On the heels of three FTC consent decrees involving the Consumer Review Fairness Act (CRFA), the FTC has brought two more CRFA-related complaints against home-rental businesses.
Broadly speaking, the CRFA, which became effective in 2017, makes it unlawful for a business to prohibit its customers from being able to post negative reviews online. As predicted, we are seeing an increase in FTC enforcement of the CRFA in 2019.
The complaints filed in June by the FTC involve home rental businesses. One, Shore to Please Vacations LLC, employed contracts with terms like, “[b]y signing below, you agree not to defame or leave negative reviews (includes any review or comment deemed to be negative by a Shore to Please Vacations LLC officer or member, as well as any review less than a ‘5 star’ or ‘absolute best’ rating) about this property and/or business in any print form or on any website….” and that “[d]ue to the difficulty in ascertaining an actual amount of damages in situations like this, breaching this clause … will immediately result in minimum liquidated damages of $25,000 paid by you to Shore to Please Vacations LLC.”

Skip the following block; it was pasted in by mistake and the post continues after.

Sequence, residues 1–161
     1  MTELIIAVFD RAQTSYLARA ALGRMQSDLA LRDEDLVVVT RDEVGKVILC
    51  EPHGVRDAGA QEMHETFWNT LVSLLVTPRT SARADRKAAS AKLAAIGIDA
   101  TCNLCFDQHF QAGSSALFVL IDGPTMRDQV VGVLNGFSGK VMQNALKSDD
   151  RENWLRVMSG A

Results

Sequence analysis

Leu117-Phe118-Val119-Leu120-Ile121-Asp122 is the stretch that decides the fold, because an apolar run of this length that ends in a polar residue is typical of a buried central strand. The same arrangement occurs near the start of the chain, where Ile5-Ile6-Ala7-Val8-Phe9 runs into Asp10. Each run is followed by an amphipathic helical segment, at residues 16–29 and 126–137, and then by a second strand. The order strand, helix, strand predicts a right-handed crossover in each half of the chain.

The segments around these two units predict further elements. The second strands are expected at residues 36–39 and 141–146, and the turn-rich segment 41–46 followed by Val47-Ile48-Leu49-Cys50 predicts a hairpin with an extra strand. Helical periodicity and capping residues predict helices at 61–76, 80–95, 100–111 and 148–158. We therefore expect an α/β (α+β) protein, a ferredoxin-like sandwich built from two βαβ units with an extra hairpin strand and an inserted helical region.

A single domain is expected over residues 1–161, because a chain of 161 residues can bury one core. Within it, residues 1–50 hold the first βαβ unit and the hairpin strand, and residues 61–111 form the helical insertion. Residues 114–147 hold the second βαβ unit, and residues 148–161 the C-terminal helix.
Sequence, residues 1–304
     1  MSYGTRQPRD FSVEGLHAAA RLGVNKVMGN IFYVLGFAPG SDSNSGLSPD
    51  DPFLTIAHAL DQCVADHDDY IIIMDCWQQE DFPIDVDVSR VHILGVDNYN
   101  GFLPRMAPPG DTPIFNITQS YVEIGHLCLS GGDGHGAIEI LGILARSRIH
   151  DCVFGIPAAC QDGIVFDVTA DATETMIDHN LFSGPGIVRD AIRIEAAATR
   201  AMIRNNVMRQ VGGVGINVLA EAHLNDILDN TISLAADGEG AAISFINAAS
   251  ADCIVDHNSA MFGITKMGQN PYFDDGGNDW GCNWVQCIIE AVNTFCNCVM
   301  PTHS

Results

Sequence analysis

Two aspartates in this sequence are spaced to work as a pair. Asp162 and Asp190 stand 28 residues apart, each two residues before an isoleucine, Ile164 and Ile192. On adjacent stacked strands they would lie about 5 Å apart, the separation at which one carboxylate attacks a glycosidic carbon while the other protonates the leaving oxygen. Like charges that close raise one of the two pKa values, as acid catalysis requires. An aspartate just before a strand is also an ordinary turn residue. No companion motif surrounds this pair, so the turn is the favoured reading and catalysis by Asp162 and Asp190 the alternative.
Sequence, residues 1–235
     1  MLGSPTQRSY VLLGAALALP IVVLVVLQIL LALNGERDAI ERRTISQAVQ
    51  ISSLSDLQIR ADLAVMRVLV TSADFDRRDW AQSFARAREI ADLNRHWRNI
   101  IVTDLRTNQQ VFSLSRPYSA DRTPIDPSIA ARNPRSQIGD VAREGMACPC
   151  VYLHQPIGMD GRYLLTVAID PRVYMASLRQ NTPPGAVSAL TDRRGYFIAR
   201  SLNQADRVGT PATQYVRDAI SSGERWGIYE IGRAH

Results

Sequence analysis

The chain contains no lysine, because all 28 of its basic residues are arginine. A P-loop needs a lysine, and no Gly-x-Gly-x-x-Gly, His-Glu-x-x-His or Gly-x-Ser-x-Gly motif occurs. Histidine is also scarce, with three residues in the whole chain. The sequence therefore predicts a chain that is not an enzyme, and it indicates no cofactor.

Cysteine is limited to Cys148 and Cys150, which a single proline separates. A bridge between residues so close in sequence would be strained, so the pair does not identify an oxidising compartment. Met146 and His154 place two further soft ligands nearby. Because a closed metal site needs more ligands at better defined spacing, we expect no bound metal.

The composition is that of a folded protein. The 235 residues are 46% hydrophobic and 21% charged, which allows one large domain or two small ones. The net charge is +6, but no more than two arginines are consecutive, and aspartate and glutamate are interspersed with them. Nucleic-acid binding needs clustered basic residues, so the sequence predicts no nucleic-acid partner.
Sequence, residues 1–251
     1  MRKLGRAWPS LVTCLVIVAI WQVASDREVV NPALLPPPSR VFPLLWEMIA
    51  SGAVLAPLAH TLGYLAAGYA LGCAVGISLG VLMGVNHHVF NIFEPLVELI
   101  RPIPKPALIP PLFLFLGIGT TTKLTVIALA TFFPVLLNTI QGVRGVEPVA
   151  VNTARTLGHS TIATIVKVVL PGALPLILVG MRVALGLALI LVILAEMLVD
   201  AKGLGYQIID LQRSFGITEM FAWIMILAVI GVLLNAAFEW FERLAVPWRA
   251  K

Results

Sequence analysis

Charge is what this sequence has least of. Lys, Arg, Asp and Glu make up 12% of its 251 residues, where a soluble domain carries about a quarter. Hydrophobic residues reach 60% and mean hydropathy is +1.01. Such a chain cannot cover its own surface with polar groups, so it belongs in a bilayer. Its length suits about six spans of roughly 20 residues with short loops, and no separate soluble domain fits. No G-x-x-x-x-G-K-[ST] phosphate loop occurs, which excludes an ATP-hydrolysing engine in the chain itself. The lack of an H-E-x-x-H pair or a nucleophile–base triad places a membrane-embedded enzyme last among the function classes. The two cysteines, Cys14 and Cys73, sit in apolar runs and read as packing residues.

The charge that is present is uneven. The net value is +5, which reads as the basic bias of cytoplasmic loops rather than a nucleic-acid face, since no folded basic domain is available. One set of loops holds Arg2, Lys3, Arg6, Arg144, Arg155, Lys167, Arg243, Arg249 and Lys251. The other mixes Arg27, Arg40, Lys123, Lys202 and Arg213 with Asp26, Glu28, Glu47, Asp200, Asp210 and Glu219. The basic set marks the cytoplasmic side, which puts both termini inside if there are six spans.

The settlement orders resulting from these complaints all include injunctive or other relief requiring those businesses to notify consumers that their non-disparagement clauses are not enforceable and barring them from using non-disparagement clauses in the future.
- The existence of a non-disparagement clause in a consumer contract, even without incidents of its enforcement by the business against consumers, is enough to constitute a violation of the CRFA.